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To make the sauce, combine chocolate chips, cherry liquid, and heavy cream in a small pot. Over medium heat, melt the chocolate, stirring constantly. Remove from heat once the chocolate is just melted and allow to cool until slightly thickened. You may mix the cherry halves into the chocolate or serve separately.

Vanilla-Bourbon Marshmallows
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I used this recipe for the marshmallows. If you’ve never made marshmallows before, do not be intimidated; it’s easier than you think. A couple things for these particular marshmallows: When the instructions say to mix until you have thick ribbons, this is what you’re looking for.
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Secondly, I would suggest letting them sit for 8 hours or overnight. While the recipe says four hours is the earliest time you can remove the marshmallows, I still found the mixture to be gooey and not entirely set on the inside after 5-6 hours.

These marshmallows are delicious, especially once I set the brûlée torch on them. They are full of sweet, vanilla flavor and finished off with just a hint of spicy bourbon. If anything, my complaint would be that I wished for more bourbon flavor. I do like bourbon flavor, or a well-mixed Manhattan. I tried to taste the bourbon I used straight so I could describe the flavor. Unfortunately, this was basically my reaction.
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Someday I’ll figure out how to embed GIFs.

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Mike wanted to take a picture of the dessert, bathed in bourbon light.

The result? It was scrumptious! I still don’t know that flatbread beats the trusty graham cracker in terms of a delivery method, but it does make it prettier. I practically had to stab Mike to get him away from it once he had tasted it. And really, isn’t needing to stab someone the best indicator of having done something right?

*Again

Chocolate sauce recipe adapted from Food 52.

Blackberry mojito lemonade tea

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Normally I’m not a huge fan of the Arnold Palmer, iced tea mixed with lemonade. But I became slightly obsessed after trying the blackberry mojito lemonade tea at Starbucks. Sweet blackberries, tempered with the sourness of lemonade, all grounded by the earthiness of tea. And just for an extra kick to make this drink unforgettable, a light, natural mint flavor suddenly appears, leaving your mouth refreshed and tingling.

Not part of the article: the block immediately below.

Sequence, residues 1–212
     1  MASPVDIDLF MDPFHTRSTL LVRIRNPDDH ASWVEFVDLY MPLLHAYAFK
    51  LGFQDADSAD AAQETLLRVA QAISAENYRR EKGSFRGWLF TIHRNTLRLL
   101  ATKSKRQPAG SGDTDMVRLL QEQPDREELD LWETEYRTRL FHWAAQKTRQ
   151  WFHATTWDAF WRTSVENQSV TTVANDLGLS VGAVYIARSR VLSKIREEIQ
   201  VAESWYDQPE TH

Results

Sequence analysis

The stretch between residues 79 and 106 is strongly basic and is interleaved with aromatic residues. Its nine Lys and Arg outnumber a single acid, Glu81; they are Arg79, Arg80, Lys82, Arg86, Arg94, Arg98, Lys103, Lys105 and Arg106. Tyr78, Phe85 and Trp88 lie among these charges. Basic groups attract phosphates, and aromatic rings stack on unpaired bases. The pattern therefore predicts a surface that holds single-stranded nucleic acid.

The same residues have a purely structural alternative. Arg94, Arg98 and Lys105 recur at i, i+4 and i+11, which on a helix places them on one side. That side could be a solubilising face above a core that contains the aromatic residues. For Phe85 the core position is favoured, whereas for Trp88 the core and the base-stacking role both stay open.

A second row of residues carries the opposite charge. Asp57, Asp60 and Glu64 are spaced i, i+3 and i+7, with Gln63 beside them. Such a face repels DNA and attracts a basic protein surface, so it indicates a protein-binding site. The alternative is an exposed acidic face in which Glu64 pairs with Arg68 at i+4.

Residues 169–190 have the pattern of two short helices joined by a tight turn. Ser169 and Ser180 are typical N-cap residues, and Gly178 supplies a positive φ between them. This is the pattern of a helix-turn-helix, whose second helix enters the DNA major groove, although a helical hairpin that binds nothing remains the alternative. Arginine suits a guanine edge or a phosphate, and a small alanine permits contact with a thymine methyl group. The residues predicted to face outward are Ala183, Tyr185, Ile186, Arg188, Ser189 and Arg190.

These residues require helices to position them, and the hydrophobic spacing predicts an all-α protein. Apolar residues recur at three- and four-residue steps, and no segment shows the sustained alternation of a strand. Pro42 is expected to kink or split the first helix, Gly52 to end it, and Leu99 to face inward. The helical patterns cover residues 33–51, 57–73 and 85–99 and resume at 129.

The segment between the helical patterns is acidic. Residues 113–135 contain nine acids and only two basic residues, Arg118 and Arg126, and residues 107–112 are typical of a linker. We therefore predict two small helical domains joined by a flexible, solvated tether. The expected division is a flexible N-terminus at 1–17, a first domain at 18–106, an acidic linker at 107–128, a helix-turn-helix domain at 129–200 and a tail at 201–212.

After having a couple of them, I decided that I could make my own at home. I had made flavored lemonades before, so I knew it would be simple. All it would require is some muddling and the right balance of flavors. I feel like this was a great success. I’m also happy to tell you that it’s quite a lovely cocktail with some vodka mixed in. I know fall is coming but it’s still hot here, (94 with a feels like of 101 today.) So this drink is still perfectly lovely for the time of year.

Blackberry mojito lemonade tea
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Ingredients
24 oz by weight blackberries
1/2 – 1 cup fresh mint
64 oz lemonade (I used Santa Cruz organic lemonade)
1 1/2 – 2 cups brewed mild-flavored tea, cooled (I used English Breakfast)

Bring 12-16 oz of water to a boil, (8 oz per tea bag.) Once water has reached a rolling boil, turn off the heat and submerge the tea bags in the water. Allow tea bags to steep for approximately 10 minutes. Remove tea bags and allow the tea to cool to room temperature.

In a large pitcher, muddle together the blackberries and mint. (You can use a large spoon or, in my case, I used a mallet. *shrug* It works.)

Add lemonade and tea to the muddled mixture. Stir and refrigerate for two hours. The longer you allow the ingredients to hang out with one another, the better flavor you’ll have.

Pour drink mixture through a fine mesh sieve before serving.

Enjoy!

Geek Girls